Again, well said. I think stocks will do well also. I just think (hope) that I can continue to do somewhat better or somewhat safer than buy and hold.

I was idly thinking about this as a Bayesian problem. What we tend to argue on this board is "what is the proper reference group or base case?" Buy and hold indexers implicitly or explicitly believe in the broadest reference group, while timers or stock pickers believe in identifiable, reliable sub-categories.

Gives food for thought anyway. Thanks for a wise post.

Mikey
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Re: 4% of what?
Old 03-31-2005, 02:45 PM   #159
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Re: 4% of what?

Quote:
I have pretty much given up on trying to discuss these complex things. I read the paper referenced above. Honestly, I can't really evaluate it, at least not without putting more effort in than I think it merits.

The authors choose not PE10, or peak earnings PE, but your standard 12 month PE. Well, there are known problems with this measure. That is why it was rejected by Campbell and Shiller.

Two other things caught my *eye, but not enough to really analyse them, or try to make a critique. I'll just mention them briefly. They mention the PE21 breakover, such that although high PEs are associated with low future returns, very high PEs (>21) are associated with normal returns. I know there may all kinds of hoop-jumping expanations for this oddity, but my guess is that they are bogus. It's like saying up to a threshold, the more HIV in your blood the worse off you are. But if you have a hell of a lot of it in there, cool, you'll be fine.

The other problem I have is related- How often have there been PEs over 21, unless PEs were artificially raised by severely depressed earnings? *Very seldom, and most instances during the bubble, which in my opinion is still an unresolved chapter in financial history.

So take your pick. As is often the case, people have placed their bets. All we can do is wait for the race to be run.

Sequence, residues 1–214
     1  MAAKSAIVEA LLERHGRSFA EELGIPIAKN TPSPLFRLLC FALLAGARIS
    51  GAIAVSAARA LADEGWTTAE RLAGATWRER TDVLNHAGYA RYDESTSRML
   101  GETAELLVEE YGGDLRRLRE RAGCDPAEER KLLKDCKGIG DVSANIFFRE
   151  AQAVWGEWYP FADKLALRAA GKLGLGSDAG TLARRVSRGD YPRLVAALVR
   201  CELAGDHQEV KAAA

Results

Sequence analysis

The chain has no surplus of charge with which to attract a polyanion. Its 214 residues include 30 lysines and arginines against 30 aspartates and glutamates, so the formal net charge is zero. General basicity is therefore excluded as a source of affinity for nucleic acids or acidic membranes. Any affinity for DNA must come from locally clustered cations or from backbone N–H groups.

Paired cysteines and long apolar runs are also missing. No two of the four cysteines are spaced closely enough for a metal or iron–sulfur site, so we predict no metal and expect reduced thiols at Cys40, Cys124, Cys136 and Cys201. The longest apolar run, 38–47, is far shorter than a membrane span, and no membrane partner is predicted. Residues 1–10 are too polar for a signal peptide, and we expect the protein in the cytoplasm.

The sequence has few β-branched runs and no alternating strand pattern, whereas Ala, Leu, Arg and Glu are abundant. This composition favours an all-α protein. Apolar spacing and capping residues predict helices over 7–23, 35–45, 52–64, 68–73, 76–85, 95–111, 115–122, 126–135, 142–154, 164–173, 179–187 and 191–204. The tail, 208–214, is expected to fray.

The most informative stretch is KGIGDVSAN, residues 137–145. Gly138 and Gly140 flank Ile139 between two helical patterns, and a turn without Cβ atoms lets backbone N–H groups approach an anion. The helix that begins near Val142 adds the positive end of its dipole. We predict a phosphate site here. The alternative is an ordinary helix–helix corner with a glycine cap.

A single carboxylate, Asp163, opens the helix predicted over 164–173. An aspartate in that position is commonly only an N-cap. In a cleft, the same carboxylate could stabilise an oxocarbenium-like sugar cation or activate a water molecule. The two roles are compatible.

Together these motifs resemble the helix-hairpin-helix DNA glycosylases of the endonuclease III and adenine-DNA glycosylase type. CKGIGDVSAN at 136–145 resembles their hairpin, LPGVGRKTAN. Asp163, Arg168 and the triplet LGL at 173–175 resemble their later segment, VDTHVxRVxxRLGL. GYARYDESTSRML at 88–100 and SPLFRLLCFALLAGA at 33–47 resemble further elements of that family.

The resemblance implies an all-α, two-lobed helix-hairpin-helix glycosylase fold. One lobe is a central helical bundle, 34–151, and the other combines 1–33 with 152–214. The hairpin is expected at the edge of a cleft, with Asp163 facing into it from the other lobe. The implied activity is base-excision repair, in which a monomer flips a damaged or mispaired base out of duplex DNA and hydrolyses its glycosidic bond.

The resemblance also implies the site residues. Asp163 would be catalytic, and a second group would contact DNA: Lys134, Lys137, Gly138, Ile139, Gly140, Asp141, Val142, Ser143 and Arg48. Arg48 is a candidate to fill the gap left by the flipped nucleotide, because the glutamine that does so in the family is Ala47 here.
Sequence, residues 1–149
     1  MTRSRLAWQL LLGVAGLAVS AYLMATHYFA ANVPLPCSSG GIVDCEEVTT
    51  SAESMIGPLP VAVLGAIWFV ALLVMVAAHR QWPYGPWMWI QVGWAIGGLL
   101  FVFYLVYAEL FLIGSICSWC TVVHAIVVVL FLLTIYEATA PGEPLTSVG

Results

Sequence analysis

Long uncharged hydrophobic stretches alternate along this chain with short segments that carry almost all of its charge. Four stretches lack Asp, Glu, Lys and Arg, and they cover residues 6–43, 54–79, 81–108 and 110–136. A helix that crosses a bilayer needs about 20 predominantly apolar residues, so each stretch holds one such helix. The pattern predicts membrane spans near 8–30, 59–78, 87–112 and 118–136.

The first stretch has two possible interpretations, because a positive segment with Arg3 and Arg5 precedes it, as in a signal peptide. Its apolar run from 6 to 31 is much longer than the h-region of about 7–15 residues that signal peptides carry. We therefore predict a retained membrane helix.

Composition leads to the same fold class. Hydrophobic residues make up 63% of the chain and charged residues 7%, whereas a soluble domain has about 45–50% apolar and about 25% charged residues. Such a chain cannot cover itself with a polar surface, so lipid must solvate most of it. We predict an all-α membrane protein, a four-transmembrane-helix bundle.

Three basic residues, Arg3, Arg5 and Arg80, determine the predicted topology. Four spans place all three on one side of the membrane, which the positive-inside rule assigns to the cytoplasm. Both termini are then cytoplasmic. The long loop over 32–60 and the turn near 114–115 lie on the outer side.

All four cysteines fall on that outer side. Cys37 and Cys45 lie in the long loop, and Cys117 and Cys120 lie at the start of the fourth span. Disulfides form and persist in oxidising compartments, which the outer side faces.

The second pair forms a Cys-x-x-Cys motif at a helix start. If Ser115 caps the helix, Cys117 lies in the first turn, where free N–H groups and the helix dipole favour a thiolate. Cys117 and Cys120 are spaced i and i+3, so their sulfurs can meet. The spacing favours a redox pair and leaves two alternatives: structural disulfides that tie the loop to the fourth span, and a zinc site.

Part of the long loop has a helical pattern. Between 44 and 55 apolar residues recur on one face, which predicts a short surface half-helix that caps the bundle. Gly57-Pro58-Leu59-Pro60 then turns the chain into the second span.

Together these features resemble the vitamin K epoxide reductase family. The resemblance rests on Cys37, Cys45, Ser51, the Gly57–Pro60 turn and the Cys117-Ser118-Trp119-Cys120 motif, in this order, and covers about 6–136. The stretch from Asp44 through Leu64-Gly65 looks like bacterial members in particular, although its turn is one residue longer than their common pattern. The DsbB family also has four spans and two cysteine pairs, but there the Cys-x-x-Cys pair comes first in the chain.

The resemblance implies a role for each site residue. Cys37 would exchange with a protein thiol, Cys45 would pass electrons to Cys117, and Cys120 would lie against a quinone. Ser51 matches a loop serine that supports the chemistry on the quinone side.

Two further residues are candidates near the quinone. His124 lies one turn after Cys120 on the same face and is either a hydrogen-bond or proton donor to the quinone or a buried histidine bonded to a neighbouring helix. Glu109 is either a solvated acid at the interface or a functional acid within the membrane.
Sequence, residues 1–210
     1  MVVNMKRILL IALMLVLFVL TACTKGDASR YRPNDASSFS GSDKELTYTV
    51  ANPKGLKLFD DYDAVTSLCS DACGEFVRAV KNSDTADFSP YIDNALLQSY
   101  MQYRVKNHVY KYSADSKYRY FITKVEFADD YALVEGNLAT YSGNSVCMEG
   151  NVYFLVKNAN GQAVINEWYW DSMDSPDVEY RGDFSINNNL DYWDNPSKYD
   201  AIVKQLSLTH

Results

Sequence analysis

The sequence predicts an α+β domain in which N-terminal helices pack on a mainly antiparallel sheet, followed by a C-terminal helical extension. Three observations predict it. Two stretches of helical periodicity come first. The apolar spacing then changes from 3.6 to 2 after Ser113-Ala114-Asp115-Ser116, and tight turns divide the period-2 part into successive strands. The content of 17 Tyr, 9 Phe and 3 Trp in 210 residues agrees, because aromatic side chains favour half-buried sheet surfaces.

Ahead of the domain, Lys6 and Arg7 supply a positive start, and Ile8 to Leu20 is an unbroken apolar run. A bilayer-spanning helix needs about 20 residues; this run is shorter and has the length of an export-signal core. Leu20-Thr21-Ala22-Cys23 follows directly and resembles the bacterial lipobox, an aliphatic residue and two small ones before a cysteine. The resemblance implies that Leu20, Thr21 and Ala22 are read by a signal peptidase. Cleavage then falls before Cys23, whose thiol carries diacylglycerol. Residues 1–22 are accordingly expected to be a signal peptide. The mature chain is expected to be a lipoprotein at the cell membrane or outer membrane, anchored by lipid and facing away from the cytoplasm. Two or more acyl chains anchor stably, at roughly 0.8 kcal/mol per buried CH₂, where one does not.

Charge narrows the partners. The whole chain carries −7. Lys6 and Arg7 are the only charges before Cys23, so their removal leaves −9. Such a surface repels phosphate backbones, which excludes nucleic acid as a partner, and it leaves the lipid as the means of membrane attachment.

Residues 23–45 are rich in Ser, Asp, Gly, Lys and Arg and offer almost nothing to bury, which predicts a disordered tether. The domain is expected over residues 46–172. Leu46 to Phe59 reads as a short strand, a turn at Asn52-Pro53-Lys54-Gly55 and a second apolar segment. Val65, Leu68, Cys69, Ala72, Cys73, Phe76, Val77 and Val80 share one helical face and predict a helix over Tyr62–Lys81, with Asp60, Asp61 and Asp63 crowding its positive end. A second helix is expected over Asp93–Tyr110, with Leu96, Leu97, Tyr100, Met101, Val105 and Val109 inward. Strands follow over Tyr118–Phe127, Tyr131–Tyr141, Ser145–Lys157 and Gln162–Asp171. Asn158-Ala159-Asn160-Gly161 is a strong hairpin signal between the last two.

Mikey

Mikey,

I have seen similar reasoning from Siegel in papers prior to his recent book. In the case of Siegel he made the point that even buying the nifty-fifty stocks decades ago at their peak would have worked out fine over history even when their collective PE was high and some stocks had PEs over 80! The reason is because whilst the market fell 40% in 73-4 and the most highly valued lost 80% odd, you were then able to reinvest higher dividend payments to buy many more shares of the ones that fell the most and this compensated for the original high price.

There are several problems with this analysis. Firstly as Siegel seems to commonly do, it ignores the reality of taxes on dividend payments. This makes any findings inaccurate and possibly completely wrong. Secondly, one has to be able to cope with a bad decade, then a massive decline in the nifty-fifty, then reinvest for another decade plus to be able to get the average return even ignoring fees and taxes. This may work for someone at the start of a 20-year accumulation phase but it absolutely will not work for someone living off their investments. You'll be living off the dividends not reinvesting them so large capital declines cannot be recovered from using the S&P 500 historical real growth rate of 1.8%. Just not gonna happen. So this is pretty irresponsible to put forward the idea that buying at high prices - even above PE 21 - works. The truth is it only works in specific circumstances, exposes the investor to high risks to capital value over reasonable investor timelines and prevents the ability to later live off investments. Just ask the year 2000 retiree how they feel with the S&P 500 flat 5+ years later ignore fees, taxes and inflation! Theory and practice are two entirely different things.

The paper is BS. Demonstrates a lack of intelligent insight, and just takes numbers on their face value.

Petey
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Re: 4% of what?
Old 03-31-2005, 02:49 PM   #160
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Re: 4% of what?

Quote:
"reversion to the mean" amounts to an academic
exercise for most people; nothing more.
(Not that there's anything wrong with that *).

Guessing and predicting can be fun. *
I enjoy it a lot, but it is of little help in working
out any meaningful financial plans.

JG

Not necessarily.

Appreciation of valuations would presently have one placing more int'l and EM and less in the US which has been on a tear and sits rich in valuation as a result. That is to say, reversion-to-the-mean is likely to happen and likely to be more costly for those invested in the broad US market. If one rebalances to set allocations that can also wring out some of the excess but it is far from academic. It can be used both for risk control and to generate excess returns through tactical allocation.

Petey